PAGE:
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Doctor Who XXX[4].17: The End of Time, Part One

December 25th, 2009 (07:32 pm)

I really enjoyed that. Finally, a pay-off for the use of the name 'Harold Saxon' (which presumably got lost along the way the first time round); an intriguing extension for the Donna-coincidences trope which incorporates her grandfather and looks as if it's going to have some substance; convincing madness from John Simm and general revelling in a sick sense of humour (though I thought the Master would have demanded red meat); and lots of strong visual ideas which are an RTD trademark. Non-fans of Russell's interpretation of Doctor Who are probably unlikely to be admirers of this episode, but it's written for David Tennant and Bernard Cribbins to provide coherence through the solidity of their performances, and so they do. A pity, perhaps, that the Master is once more fragile, as it feels like we've been here before. Next week, and probably for the last time, the Time War!

ETA The Obama stuff was corny, but we are used to that; the "making do" was an unsubtle reference to the recession. David Tennant as credit boom Doctor?

ETA2 And that looks like a Seer from Ribos in the trailer (and the scene on the website), judging by her make-up... perhaps that's the really fannish thing Julie urged Russell to include anyway?


Posted by: Dewi Evans (wonderwelsh)
Posted at: December 26th, 2009 02:02 pm (UTC)

Completely agree with your mini-review, Matthew.

I enjoyed it immensely, although clearly it was just an extended prelude to next week's finale. I wasn't sure about the Master's actions at first - they seemed a bit too 'out there' to take seriously. But the idea that such a drastic turn of events was actually a massive red herring - and basically a whimsical spur-of-the-moment decision taken by a madman for absolutely no reason - is truly creepy.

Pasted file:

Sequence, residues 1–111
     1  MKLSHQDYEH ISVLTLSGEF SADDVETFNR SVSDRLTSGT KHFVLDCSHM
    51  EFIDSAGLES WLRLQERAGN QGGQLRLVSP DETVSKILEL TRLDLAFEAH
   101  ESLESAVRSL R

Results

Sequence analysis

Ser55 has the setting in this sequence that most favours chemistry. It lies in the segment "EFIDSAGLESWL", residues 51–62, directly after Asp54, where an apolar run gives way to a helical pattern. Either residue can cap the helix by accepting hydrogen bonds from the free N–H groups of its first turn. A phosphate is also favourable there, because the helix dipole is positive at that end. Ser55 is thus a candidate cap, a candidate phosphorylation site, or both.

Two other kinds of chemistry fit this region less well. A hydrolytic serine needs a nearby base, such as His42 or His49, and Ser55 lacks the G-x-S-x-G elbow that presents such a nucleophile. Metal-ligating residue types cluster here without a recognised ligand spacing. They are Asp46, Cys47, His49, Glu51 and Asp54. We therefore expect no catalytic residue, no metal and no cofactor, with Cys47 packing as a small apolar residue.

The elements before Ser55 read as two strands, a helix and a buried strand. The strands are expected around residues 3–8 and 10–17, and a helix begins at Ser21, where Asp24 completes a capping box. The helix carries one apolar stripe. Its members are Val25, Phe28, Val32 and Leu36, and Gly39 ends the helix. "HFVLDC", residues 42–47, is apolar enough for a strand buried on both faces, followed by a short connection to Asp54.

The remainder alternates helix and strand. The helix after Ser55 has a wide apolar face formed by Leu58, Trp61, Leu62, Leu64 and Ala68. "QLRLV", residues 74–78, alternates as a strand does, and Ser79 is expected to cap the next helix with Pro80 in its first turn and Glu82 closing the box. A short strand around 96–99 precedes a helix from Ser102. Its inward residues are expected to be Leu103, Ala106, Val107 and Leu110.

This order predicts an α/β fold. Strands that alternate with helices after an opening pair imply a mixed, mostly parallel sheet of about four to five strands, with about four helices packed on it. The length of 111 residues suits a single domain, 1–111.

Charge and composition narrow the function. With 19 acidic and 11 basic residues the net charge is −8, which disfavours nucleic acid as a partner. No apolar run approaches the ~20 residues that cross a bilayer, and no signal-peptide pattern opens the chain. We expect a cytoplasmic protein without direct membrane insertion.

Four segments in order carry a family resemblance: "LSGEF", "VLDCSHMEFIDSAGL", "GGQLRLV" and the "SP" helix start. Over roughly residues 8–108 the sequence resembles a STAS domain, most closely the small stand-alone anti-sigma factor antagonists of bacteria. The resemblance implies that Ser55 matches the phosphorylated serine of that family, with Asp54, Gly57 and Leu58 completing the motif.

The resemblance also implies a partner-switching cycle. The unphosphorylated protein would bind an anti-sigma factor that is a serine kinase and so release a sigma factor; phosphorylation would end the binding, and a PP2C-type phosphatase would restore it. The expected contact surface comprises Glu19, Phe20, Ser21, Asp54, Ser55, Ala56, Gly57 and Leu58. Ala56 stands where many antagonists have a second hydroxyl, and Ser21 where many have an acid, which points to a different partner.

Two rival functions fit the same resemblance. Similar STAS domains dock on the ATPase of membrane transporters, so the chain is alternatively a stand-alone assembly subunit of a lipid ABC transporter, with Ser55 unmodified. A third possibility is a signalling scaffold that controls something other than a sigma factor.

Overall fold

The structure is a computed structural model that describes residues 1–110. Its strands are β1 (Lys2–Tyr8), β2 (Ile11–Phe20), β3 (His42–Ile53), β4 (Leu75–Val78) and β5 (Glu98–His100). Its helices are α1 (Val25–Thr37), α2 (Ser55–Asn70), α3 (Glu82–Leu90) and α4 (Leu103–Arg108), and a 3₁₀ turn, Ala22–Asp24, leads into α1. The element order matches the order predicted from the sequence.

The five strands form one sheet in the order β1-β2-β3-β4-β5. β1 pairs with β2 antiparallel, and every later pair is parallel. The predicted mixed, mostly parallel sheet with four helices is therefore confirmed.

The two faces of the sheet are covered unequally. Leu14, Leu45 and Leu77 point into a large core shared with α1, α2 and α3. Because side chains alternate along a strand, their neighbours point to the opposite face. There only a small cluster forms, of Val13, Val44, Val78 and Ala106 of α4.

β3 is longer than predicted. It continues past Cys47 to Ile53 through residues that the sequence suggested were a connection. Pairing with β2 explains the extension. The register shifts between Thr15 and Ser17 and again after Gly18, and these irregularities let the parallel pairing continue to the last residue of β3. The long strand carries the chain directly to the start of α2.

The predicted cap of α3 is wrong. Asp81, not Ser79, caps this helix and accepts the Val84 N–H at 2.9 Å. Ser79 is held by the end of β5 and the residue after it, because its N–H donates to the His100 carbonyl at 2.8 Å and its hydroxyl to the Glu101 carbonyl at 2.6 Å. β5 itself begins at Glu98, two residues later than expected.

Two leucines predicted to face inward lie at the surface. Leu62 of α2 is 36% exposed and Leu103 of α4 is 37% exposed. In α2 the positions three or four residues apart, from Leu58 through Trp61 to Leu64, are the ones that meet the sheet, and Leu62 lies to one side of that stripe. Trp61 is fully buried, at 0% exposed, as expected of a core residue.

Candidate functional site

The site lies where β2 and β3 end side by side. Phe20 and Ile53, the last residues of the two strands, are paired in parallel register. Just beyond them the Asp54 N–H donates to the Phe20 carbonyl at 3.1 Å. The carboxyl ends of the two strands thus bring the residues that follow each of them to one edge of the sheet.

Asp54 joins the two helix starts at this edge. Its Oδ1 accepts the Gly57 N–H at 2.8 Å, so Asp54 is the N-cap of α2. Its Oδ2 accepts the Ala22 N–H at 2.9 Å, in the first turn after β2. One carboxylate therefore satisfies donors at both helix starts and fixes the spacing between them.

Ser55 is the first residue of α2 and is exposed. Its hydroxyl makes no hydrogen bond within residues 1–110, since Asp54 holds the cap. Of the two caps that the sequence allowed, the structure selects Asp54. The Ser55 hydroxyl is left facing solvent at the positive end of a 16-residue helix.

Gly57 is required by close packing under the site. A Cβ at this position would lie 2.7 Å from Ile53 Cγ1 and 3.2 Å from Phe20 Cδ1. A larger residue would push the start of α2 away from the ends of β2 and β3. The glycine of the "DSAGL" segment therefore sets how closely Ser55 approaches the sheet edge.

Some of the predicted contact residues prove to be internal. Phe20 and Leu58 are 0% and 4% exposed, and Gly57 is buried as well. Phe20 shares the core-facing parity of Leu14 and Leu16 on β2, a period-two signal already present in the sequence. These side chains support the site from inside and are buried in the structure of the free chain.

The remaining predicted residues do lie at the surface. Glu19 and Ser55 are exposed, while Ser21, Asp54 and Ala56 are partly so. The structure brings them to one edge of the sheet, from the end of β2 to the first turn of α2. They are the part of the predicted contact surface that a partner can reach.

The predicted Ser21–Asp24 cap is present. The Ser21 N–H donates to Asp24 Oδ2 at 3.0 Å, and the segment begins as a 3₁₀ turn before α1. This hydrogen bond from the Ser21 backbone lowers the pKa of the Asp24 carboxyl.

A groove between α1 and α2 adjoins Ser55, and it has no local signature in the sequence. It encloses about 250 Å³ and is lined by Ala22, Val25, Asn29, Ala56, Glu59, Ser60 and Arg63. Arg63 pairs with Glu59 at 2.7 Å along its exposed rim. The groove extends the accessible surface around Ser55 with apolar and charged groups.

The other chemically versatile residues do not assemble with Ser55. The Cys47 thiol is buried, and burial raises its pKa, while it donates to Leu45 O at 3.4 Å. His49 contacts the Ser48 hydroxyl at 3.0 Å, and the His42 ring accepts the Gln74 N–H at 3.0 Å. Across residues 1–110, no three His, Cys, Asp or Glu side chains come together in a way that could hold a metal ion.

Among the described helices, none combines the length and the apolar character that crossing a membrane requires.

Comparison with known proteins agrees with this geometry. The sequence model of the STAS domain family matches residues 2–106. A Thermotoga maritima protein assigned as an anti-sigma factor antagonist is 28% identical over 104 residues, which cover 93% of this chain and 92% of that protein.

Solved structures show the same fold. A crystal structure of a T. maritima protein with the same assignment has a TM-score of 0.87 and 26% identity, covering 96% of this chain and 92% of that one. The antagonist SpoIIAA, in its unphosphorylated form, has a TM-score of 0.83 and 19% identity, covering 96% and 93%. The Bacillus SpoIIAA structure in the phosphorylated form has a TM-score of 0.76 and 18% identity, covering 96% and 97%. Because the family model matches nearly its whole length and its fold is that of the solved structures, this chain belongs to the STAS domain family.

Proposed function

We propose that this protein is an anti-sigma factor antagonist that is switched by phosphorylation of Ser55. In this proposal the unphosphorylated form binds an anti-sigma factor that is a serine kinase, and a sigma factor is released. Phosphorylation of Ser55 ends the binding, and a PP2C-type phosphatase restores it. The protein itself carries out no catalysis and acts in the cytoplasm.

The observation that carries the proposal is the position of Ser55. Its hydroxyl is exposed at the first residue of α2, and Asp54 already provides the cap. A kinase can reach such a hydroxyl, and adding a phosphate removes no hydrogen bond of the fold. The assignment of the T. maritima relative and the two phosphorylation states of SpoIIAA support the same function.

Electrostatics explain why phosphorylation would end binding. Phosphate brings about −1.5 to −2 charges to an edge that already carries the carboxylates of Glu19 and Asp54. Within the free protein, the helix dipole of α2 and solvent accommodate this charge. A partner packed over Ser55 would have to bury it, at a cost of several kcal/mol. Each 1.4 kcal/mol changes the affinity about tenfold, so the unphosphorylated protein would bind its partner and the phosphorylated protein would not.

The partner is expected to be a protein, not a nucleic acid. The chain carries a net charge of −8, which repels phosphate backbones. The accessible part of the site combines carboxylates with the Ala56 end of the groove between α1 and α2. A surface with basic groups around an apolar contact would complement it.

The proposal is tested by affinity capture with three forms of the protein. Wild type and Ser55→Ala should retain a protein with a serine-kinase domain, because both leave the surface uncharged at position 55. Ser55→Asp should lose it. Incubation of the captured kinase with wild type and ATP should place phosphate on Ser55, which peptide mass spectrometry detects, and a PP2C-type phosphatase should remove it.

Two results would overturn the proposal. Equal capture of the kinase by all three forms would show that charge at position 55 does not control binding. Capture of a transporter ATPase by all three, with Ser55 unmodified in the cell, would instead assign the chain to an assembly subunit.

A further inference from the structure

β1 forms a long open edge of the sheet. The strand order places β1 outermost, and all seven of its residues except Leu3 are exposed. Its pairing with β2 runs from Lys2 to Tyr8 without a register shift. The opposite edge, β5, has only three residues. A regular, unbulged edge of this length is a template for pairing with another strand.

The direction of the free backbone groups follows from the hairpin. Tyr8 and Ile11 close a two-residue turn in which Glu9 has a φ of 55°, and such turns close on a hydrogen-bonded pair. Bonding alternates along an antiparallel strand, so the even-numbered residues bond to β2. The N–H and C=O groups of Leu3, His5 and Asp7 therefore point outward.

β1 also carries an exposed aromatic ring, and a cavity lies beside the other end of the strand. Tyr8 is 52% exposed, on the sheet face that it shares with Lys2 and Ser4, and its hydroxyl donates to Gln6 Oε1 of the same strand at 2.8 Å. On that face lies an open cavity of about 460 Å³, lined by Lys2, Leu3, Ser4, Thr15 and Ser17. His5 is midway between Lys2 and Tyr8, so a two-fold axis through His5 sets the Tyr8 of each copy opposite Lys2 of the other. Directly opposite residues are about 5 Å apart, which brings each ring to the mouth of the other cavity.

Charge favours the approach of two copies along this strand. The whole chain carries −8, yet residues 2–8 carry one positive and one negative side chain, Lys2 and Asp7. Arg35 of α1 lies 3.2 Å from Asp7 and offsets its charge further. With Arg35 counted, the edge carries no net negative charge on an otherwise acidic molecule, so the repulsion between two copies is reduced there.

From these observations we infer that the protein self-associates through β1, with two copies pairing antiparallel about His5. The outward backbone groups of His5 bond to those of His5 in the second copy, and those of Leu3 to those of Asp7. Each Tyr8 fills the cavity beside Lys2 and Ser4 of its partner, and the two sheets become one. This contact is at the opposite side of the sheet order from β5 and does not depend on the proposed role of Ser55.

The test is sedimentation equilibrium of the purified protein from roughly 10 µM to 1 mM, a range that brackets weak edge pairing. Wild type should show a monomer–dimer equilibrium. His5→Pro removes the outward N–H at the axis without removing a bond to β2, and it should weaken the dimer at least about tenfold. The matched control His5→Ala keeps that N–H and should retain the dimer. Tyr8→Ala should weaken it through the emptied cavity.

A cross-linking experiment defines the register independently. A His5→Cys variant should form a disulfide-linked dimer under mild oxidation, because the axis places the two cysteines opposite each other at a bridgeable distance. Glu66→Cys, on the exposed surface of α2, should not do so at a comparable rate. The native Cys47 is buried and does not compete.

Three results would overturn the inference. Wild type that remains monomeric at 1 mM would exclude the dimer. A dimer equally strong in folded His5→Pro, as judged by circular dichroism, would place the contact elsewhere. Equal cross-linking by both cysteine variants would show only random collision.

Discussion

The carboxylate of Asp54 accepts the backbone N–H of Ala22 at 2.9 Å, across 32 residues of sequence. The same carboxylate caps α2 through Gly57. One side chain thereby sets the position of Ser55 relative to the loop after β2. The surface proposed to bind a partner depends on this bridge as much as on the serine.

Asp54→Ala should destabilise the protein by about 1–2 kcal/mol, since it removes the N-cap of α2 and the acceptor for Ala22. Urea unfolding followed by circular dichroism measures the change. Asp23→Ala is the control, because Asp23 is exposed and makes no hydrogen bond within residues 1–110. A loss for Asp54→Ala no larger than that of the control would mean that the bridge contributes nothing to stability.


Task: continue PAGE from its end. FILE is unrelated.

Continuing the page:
So the big reveal at the end saved the episode for me - not because it shocked me into forgetting what had gone before, but because, like all good twists, it transformed the way I saw the rest of the story so far.

I also agree that the use made of the recurring characters (Donna, Wilf and the Master) was effective in terms of their development and in terms of the actors' performances. Kudos to Tennant and Cribbins, in particular, who played that cafe scene beautifully.

Posted by: parrot_knight (parrot_knight)
Posted at: December 27th, 2009 01:14 pm (UTC)
Davison Clock

It's appropriate for a last story for a regime that it should be crammed with incidents and plotlines that apparently are going to lead nowhere (though they yet might); and also a reflection on how many people experience their lives.

Posted by: Dewi Evans (wonderwelsh)
Posted at: December 28th, 2009 10:07 am (UTC)

Definitely, and it's even more appropriate for the first episode of a two-part story. I enjoyed it a lot and can't wait to see what happens next!